semi-submersible
Semi-submersible
A semi-submersible is a specialised marine vessel with good stability and seakeeping characteristics. The semi-submersible vessel design is commonly used in a number of specific offshore roles such as for offshore drilling rigs, safety vessels, oil production platforms and heavy lift cranes.The...

 drilling rig
Drilling rig
A drilling rig is a machine which creates holes or shafts in the ground. Drilling rigs can be massive structures housing equipment used to drill water wells, oil wells, or natural gas extraction wells, or they can be small enough to be moved manually by one person...

 that capsized whilst working in the Ekofisk oil field
Ekofisk oil field
Ekofisk is an oil field in the Norwegian sector of the North Sea about southwest of Stavanger. Discovered in 1969, it remains one of the most important oil fields in the North Sea. Production began in 1971 after the construction of a series of off-shore platforms by Phillips Petroleum Company...

 in March 1980 killing 123 people. The capsize was the worst disaster in Norwegian waters since World War II. The rig, located approximately 320 km east from Dundee
Dundee
Dundee is the fourth-largest city in Scotland and the 39th most populous settlement in the United Kingdom. It lies within the eastern central Lowlands on the north bank of the Firth of Tay, which feeds into the North Sea...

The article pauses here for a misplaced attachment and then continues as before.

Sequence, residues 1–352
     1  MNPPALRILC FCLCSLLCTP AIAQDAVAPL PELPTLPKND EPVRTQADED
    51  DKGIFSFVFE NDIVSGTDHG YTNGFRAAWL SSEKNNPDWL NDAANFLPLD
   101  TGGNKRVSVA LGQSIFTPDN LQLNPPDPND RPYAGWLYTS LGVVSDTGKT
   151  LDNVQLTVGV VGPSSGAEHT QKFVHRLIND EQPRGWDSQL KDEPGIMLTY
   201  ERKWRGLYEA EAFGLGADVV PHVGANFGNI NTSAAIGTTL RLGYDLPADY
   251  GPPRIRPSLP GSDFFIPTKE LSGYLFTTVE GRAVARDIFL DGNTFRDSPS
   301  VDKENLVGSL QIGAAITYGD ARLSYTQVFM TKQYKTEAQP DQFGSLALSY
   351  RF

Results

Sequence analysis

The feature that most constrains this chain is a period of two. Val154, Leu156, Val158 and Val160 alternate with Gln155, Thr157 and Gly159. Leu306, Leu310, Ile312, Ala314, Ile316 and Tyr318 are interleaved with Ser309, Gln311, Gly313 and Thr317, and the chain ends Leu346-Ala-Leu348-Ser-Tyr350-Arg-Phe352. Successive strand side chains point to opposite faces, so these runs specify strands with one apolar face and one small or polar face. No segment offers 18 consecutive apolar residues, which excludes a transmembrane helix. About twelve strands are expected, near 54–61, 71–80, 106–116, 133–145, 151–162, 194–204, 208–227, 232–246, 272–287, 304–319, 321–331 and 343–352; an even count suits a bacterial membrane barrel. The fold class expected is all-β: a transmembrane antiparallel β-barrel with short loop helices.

, Scotland
Scotland
Scotland is a country that is part of the United Kingdom. Occupying the northern third of the island of Great Britain, it shares a border with England to the south and is bounded by the North Sea to the east, the Atlantic Ocean to the north and west, and the North Channel and Irish Sea to the...

, was owned by the Stavanger Drilling Company of Norway and was on hire to the U.S.
United States
The United States of America is a federal constitutional republic comprising fifty states and a federal district...

 company Phillips Petroleum
Phillips Petroleum
Phillips Petroleum Company was founded in 1917 by L.E. Phillips and Frank Phillips, of Bartlesville, Oklahoma. Their younger brother Waite Phillips was the benefactor of Philmont Scout Ranch....

 at the time of the disaster. In driving rain and mist, early in the evening of 27 March 1980 more than 200 men were off duty in the accommodation on the Alexander L. Kielland. The wind was gusting to 40 knots with waves up to 12 m high. The rig had just been winched away from the Edda production platform. Minutes before 18:30 those on board felt a 'sharp crack' followed by 'some kind of trembling'. Suddenly the rig heeled over 30° and then stabilised. Five of the six anchor cables had broken, the one remaining cable preventing the rig from capsizing. The list continued to increase and at 18.53 the remaining anchor cable snapped and the rig turned upside down.